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July 11, 2006 > This Summer, Be Smart about Exercise

This Summer, Be Smart about Exercise

by Washington Hospital

The song says, “Summertime and the livin’ is easy.” But, in today’s health conscious world, most of us see summer as the perfect time to rev up our activity level for a healthier life.   

“Exercise will keep you healthy, but you also need to take precautions to avoid getting hurt,” says David Bell, M.D., an orthopedic surgeon on the medical staff of Washington Hospital. “Always use proper gear for the sport or exercise of your choice, including good shoes.”

Whether it’s hiking, cycling, swimming, golfing, horseback riding, working out at a par course or one of a myriad of other activities, being outdoors while you exercise can make it more enjoyable.

“The most important thing to be aware of when exercising outdoors is safety,” adds orthopedic surgeon John Jaureguito, M.D., who is also on the medical staff at Washington. “Drink lots of water to stay hydrated and always use sunscreen. This is especially important for children.”
   
To stay hydrated, adults should drink two cups of water about 15 minutes before starting and, then, about two cups after every 15 minutes of exercise. Kids should also drink plenty of water.
Before you exercise, warm up to prepare your body. Running in place, jumping jacks or light jogging will get blood flowing to muscles and joints. Then, do some stretches, using all the major muscle groups. Never bounce while stretching, and be sure to take slow, deep breaths.

Many adults with good intentions about exercise become weekend warriors who turn into wounded soldiers. Avoid overuse injuries by increasing your participation gradually. Make sure to allow days for rest in between periods of activity. This will enable your body to heal and build back up.

If you’re going to hike, familiarize yourself with your route beforehand, especially if children will accompany you. And, with kids, don’t make the hike too rigorous for their capabilities. The same is true with bicycling. Know the trails to follow and how far you’ll be going. Be sure to bring along water and have proper safety gear, including helmets, which are especially important for children.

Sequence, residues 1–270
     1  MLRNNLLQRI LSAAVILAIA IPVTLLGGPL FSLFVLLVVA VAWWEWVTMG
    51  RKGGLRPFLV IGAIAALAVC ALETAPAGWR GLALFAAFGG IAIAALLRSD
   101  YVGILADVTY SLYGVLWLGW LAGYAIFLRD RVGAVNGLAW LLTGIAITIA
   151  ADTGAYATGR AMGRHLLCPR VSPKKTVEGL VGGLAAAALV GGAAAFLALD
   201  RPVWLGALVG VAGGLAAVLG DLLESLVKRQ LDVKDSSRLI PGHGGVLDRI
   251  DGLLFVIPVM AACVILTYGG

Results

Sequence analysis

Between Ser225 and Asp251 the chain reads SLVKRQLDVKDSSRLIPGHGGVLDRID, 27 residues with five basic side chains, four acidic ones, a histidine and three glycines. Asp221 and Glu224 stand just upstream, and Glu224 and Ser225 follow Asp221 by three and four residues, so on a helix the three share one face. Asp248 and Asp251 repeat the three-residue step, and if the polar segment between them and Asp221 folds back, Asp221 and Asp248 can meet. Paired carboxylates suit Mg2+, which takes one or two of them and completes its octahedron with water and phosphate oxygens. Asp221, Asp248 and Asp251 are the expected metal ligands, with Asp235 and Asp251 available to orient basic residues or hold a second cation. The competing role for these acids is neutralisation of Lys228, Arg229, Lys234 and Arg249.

More children are also getting interested in golf. This is a great family sport, especially if you take time to walk the course. If kids are along, consider playing a 9-hole course.

Horseback riding is great calorie-burning exercise and is a good workout for your lower extremities. It’s important to have an experienced rider with you and to wear the proper safety gear, including helmets for kids.

Even routine aerobic exercise and strength training can be more fun if done outdoors. Try one of the excellent local par courses designated for this purpose. A par course is a series of stations located along an outdoor path. At each location, there are suggested exercise activities for building strength and cardiovascular fitness.
“Proper exercise on a good par course can be very safe, causing minimal stress to joints and muscles with even less likelihood of injury than that done at a gym,” says Dr. Jaureguito. “Any exercise using your own body in combination with resistance is safer.”

Despite all the precautions you take, accidents can still happen.

“So, be prepared,” interjects Dr. Bell. “Keep first aid supplies for sports nearby. After an injury, use the ‘RICE’ treatment. That’s rest, ice, compression and elevation.”

If you can’t bear weight on a leg or lift an arm, see your doctor or head to the emergency room or urgent care center he advises. 

The Sports Medicine Center at Washington Hospital offers a variety of treatment options to help injured athletes return to their favorite activities as well as to prevent future injuries. To learn more about the services available at Washington Hospital’s Sports Medicine Center,  please call (510) 794-4671 or visit www.whhs.com and click on “Services & Programs,” and select “The Sports Medicine Center” from the drop-down menu.

 
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